Analyses

fMRI data preprocessing

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The MRI data were first converted into the Brain Imaging Data Structure (BIDS) format (Gorgolewski et al., 2016). All data preprocessing was performed using the default preprocessing steps of fMRIPrep 1.5.0rc2, based on Nipype 1.2.1. (Esteban et al., 2018): The respective T1 volume was corrected for intensity non-uniformity and skull-stripped, before it was segmented into cerebrospinal fluid (CSF), white matter (WM), and grey matter (GM). It was then spatially normalized to the ICBM 152 Nonlinear Asymmetrical template version 2009c using nonlinear registration.

The functional data were slice-time corrected, motion corrected, and corrected for susceptibility distortions using fMRIPrep’s fieldmap-less approach. They were then coregistered to the corresponding T1 image using boundary-based registration with six degrees of freedom. Physiological noise regressors were extracted to allow for component-based noise correction. Anatomical CompCor components were calculated within the intersection of the subcortical mask and the union of CSF and WM masks, after their projection to the native space of each functional run. Framewise displacement was also calculated for each functional run. For further details of the pipeline, including the software packages used by fMRIPrep, please refer to the online documentation (https://fmriprep.org/en/20.2.0/). Our univariate analyses were performed in MNI space (following smoothing with a Gaussian kernel of 6 mm FWHM), whereas the multivariate pattern analyses (MVPA) were done on unsmoothed data in native space.

Regions of interest

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We manually segmented the PhC on the individual T1-weighted structural images, following the anatomical demarcation protocol by Insausti et al., 1998 and Pruessner et al., 2002. Specifically, we defined the PhC as the posterior third of the parahippocampal gyrus (Staresina et al., 2012). We further used the individual grey matter masks, segmented using FSLfast (in the fMRIPrep pipeline), as an ROI.

We focused on the PhC given its prominent contribution to memories for scenes (Bohbot et al., 2006; Horner et al., 2015; Staresina et al., 2013; Staresina et al., 2012). However, we do not suggest that effects of suppression are solely attributable to changes to representations in this region. We also explored possible sustained effects of suppression in a number of suggested bilateral candidate control regions. These are the angular gyrus and precuneus, given their association with the phenomenological quality of memories (Richter et al., 2016a; see also Brodt et al., 2018), the amygdala, given its association with the processing of aversive stimuli (Depue et al., 2007; Gagnepain et al., 2017), and V1, given the finding of transient suppression-reduced reductions in early visual cortex (Depue et al., 2007; Gagnepain et al., 2014). Masks of the amygdala, V1, and precuneus were taken from the brainnetome atlas (Fan et al., 2016), and of the angular gyrus from the AAL2 atlas (Tzourio-Mazoyer et al., 2002) given the lack of an adequate brainnetome region.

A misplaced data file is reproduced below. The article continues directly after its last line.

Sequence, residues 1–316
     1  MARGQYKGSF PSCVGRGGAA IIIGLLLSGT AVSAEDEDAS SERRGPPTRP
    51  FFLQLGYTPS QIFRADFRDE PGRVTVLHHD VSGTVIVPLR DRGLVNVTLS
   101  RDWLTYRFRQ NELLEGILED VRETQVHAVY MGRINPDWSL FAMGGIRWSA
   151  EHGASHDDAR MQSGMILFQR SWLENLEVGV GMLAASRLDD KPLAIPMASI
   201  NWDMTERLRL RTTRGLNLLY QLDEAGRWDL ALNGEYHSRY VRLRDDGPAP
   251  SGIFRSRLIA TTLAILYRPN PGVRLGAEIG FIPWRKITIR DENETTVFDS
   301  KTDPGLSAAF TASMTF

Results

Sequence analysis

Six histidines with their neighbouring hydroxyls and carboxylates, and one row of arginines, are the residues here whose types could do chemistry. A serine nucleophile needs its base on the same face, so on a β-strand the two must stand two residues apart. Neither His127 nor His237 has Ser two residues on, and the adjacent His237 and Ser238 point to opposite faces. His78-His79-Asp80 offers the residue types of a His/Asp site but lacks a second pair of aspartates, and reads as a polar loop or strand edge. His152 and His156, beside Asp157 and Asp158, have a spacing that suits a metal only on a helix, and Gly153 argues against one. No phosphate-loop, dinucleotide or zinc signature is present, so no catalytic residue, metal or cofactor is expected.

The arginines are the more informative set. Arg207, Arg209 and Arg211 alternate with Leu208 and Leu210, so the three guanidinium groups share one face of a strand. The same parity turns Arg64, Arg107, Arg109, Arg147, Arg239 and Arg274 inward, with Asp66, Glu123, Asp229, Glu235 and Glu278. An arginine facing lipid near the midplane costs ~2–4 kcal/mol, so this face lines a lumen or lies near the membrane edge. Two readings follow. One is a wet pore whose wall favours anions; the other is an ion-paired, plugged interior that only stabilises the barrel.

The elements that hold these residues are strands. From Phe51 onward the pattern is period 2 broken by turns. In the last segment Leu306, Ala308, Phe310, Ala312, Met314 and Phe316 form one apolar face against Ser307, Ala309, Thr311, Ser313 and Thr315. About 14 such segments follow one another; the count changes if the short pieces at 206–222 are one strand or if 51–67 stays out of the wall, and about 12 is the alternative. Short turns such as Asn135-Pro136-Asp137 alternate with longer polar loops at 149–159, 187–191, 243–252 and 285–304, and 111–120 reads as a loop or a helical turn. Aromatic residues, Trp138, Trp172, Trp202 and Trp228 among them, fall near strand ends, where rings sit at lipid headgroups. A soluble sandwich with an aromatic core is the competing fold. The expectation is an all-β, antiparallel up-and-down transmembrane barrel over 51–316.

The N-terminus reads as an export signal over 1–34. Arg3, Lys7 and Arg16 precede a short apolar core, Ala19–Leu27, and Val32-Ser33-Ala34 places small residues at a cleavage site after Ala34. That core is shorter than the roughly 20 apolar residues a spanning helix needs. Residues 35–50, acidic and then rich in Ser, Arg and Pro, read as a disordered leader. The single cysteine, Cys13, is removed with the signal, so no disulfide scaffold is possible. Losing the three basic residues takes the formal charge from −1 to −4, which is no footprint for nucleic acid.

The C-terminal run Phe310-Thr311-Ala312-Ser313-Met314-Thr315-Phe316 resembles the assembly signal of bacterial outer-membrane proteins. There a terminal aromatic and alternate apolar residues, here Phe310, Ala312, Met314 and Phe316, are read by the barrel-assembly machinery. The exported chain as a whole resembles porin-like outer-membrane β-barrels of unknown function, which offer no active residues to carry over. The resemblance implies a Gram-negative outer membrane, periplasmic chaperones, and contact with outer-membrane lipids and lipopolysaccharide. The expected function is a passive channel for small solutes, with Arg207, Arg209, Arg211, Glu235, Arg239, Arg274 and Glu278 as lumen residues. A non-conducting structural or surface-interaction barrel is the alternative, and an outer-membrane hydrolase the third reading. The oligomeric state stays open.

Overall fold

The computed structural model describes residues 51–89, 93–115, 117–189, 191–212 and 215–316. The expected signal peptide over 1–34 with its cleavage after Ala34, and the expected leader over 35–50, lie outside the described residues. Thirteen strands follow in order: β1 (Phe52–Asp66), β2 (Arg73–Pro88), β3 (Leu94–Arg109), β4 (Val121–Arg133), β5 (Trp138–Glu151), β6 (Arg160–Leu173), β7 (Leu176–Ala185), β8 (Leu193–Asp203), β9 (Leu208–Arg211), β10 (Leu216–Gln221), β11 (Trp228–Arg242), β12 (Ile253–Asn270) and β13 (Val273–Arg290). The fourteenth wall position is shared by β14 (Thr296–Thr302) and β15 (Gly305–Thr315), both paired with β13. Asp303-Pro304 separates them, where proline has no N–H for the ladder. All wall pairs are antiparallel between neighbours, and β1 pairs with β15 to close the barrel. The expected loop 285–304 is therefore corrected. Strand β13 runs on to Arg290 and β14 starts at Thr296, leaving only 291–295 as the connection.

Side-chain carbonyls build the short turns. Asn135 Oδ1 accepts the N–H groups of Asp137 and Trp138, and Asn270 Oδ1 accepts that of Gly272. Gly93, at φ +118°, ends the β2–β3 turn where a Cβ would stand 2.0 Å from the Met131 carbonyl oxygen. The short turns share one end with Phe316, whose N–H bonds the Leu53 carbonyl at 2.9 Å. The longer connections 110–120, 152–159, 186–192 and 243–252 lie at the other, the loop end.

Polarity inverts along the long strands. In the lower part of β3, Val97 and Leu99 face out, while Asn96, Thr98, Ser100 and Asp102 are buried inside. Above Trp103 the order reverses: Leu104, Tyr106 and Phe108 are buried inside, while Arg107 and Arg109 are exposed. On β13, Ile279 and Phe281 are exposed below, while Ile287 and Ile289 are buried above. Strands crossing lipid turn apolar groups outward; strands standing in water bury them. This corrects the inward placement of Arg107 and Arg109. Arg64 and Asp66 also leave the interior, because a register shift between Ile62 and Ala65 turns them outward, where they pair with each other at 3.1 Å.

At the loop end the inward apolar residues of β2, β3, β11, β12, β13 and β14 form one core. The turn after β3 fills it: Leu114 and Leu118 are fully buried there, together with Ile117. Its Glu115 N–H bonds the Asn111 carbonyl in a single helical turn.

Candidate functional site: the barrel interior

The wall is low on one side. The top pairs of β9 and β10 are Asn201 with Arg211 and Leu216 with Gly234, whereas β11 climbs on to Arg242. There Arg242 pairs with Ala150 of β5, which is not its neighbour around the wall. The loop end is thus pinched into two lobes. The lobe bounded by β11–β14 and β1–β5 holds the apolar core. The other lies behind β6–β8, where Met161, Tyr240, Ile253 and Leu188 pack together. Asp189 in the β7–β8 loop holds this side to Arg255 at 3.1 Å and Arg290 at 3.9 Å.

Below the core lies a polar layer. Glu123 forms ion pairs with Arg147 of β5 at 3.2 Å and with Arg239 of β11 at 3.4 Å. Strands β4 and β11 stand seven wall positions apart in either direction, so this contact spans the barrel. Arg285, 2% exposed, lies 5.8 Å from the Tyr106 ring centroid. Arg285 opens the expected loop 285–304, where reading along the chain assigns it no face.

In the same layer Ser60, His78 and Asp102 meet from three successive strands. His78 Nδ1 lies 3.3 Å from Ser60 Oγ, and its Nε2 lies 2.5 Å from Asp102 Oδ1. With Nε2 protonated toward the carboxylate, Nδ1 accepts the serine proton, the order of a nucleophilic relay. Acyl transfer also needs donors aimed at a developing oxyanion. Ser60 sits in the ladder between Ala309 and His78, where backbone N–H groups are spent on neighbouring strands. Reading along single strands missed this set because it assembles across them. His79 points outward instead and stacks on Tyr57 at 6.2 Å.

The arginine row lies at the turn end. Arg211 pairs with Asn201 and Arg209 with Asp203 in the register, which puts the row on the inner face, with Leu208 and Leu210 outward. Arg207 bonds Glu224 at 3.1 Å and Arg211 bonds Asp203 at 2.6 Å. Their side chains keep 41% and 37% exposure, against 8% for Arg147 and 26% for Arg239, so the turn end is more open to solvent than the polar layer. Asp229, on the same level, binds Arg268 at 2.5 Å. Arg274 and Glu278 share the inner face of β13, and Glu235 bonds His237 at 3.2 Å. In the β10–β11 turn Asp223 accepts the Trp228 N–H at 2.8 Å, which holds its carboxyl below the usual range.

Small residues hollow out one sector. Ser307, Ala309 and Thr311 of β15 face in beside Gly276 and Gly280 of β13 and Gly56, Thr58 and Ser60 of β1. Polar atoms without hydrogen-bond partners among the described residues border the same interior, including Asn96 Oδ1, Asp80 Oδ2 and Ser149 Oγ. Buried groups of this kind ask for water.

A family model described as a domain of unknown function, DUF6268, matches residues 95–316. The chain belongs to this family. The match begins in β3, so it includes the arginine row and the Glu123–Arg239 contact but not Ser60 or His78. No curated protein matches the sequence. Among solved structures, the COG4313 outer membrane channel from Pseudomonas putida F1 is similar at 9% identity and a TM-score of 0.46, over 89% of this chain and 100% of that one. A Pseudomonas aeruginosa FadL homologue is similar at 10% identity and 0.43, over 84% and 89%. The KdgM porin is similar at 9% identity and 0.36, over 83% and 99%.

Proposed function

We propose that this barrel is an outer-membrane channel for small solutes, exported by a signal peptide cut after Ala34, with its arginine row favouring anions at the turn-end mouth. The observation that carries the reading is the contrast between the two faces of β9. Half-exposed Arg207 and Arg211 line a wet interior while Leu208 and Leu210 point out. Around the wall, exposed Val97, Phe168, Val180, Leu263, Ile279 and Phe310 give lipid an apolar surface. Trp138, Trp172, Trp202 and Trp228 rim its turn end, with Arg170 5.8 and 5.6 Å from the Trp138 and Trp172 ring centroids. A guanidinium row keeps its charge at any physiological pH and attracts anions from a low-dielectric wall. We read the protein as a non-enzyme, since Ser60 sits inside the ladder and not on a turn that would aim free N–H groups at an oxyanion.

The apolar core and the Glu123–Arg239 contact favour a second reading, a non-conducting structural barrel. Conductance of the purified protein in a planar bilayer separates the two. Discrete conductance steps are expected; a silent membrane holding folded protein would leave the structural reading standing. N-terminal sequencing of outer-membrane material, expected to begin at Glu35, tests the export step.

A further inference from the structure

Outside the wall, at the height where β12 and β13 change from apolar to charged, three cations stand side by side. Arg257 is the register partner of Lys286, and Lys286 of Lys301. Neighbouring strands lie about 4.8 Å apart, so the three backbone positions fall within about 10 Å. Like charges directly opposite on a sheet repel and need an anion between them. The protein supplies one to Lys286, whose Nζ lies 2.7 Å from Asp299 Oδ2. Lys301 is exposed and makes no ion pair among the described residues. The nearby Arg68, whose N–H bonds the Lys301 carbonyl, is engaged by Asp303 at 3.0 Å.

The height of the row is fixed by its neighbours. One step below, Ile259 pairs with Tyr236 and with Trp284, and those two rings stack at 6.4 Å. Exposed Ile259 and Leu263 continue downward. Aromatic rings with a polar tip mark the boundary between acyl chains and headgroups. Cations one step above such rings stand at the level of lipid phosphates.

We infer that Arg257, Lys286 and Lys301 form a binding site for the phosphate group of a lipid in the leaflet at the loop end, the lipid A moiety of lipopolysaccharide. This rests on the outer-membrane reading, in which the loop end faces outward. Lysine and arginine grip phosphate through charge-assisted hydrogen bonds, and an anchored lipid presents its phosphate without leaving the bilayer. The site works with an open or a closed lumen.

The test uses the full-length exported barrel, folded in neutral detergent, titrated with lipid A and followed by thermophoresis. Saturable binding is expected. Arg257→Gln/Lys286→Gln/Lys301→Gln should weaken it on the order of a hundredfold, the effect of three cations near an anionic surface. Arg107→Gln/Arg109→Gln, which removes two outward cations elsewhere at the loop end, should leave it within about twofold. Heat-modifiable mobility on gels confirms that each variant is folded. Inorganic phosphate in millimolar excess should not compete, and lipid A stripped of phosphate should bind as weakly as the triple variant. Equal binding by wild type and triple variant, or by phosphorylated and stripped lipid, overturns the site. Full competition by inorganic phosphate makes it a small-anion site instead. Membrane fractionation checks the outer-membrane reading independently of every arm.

First-level fMRI analysis

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Data were analyzed using SPM12 (https://fil.ion.ucl.ac.uk/spm). We decomposed the variance in the BOLD time series using general linear models (GLM) (Penny et al., 2011). For the univariate analysis of the suppression phase, we analyzed the data with a GLM including a regressor for the trials of the recall condition and a regressor for the trials of the suppress condition.

For our multivariate pattern analyses (MVPA), we assessed the individual activity patterns adopting a least-squares-single approach (Mumford et al., 2012). That is, for the pre- and post-test, we estimated separate GLMs for each trial with a regressor for that specific trial and a second regressor for all other trials. For the suppression phase, a given GLM included a regressor coding for all repetitions of the same object and a second regressor for all other trials. For the classifier training task, we estimated separate GLMs for each block with a regressor for that specific block and a second regressor for all other blocks.

All these regressors coded for the respective 3 s of each trial (or 16 s of each block for classifier training) and were convolved with the canonical hemodynamic response function. In addition, each GLM included six head motion parameters, framewise displacement, the first six aCompCor components and a block regressor as nuisance regressors. We then applied a 128 Hz high-pass filter to the data and the model. For the MVPA analyses, the resulting parameter estimates were transformed into t-values via a contrast of the respective individual trial versus all other trials.

Classification analysis

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We performed the classifier analysis using the decoding toolbox (Hebart et al., 2014). Specifically, we trained a linear support vector machine for each participant to distinguish activity patterns associated with intact aversive scenes versus their morphed versions. We employed a leave-one-out cross-validation approach that used, on each iteration, eleven of the twelve blocks as training data. This procedure assigns a linear weight to each voxel that reflects its importance in discriminating the two classes, thus creating a weight map. We then used the transformed weight pattern (Haufe et al., 2014) to estimate reactivation as the degree of scene evidence during each trial of the pre-test, post-test, and suppression phase. This was done by calculating the dot product of the weight pattern and the respective individual t-map.